May 1-4, 1863 - The Union Army under Gen. Hooker is decisively defeated by Lee's much smaller forces at the Battle of Chancellorsville in Virginia as a result of Lee's brilliant and daring tactics. Confederate Gen. Stonewall Jackson is mortally wounded by his own soldiers. Hooker retreats. Union losses are 17,000 killed, wounded and missing out of 130,000. The Confederates, 13, 000 out of 60,000. May 10, 1863 - The South suffers a huge blow as Stonewall Jackson dies from his wounds, his last words, "Let us cross over the river and rest under the shade of the trees.“ June 3, 1863 - Gen. Lee with 75,000 Confederates launches his second invasion of the North, heading into Pennsylvania in a campaign that will soon lead to Gettysburg. June 28, 1863 - President Lincoln appoints Gen. George G. Meade as commander of the Army of the Potomac, replacing Hooker. Meade is the 5th man to command the Army in less than a year.
July 1-3, 1863 - The tide of war turns against the South as the Confederates are defeated at the Battle of Gettysburg in Pennsylvania July 4, 1863 - Vicksburg, the last Confederate stronghold on the Mississippi River, surrenders to Gen. Grant and the Army of the West after a six week siege. With the Union now in control of the Mississippi, the Confederacy is effectively split in two, cut off from its western allies. July 13-16,1863 - Anti-draft riots in New York City include arson and the murder of blacks by poor immigrant whites. At least 120 persons, including children, are killed and $2 million in damage caused, until Union soldiers returning from Gettysburg restore order. July 18, 1863 -'Negro troops' of the 54th Massachusetts Infantry Regiment under Col. Robert G. Shaw assault fortified Rebels at Fort Wagner, South Carolina. Col. Shaw and half of the 600 men in the regiment are killed. August 10, 1863 - The president meets with abolitionist Frederick Douglass who pushes for full equality for Union 'Negro troops.' August 21, 1863 - At Lawrence, Kansas, pro-Confederate William C. Quantrill and 450 pro-slavery followers raid the town and butcher 182 boys and men.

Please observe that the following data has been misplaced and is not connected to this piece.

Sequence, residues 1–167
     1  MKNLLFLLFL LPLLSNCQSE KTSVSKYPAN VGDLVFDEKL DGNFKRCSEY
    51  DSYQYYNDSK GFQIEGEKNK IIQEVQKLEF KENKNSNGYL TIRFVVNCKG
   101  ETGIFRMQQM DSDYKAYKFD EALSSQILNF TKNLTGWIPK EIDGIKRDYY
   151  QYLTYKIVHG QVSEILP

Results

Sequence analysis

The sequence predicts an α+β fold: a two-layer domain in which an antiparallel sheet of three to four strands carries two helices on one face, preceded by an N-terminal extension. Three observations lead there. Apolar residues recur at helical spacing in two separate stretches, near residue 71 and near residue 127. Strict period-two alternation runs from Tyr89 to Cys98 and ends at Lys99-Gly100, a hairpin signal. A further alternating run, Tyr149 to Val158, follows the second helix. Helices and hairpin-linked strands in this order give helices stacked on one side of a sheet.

1865 January 31, 1865 - The U.S. Congress approves the Thirteenth Amendment to the United States Constitution, to abolish slavery. The amendment is then submitted to the states for ratification. February 3, 1865 - Apeace conference occurs as President Lincoln meetswith Confederate Vice President Alexander Stephens at Hampton Roads in Virginia, but the meeting ends in failure - the war will continue. April 14, 1865 - The Stars and Stripes is ceremoniously raised over Fort Sumter. That night, Lincoln and his wife Mary see the play "Our American Cousin" at Ford's Theater. At 10:13 p.m., during the third act of the play, John Wilkes Booth shoots the president in the head. Doctors attend to the president in the theater then move him to a house across the street. He never regains consciousness. April 15, 1865 - President Abraham Lincoln dies at 7:22 in the morning. Vice President Andrew Johnson assumes the presidency In May - Remaining Confederate forces surrender. The Nation is reunited as the Civil War ends. Over 620,000 Americans died in the war, with disease killing twice as many as those lost in battle. 50,000 survivors return home as amputees.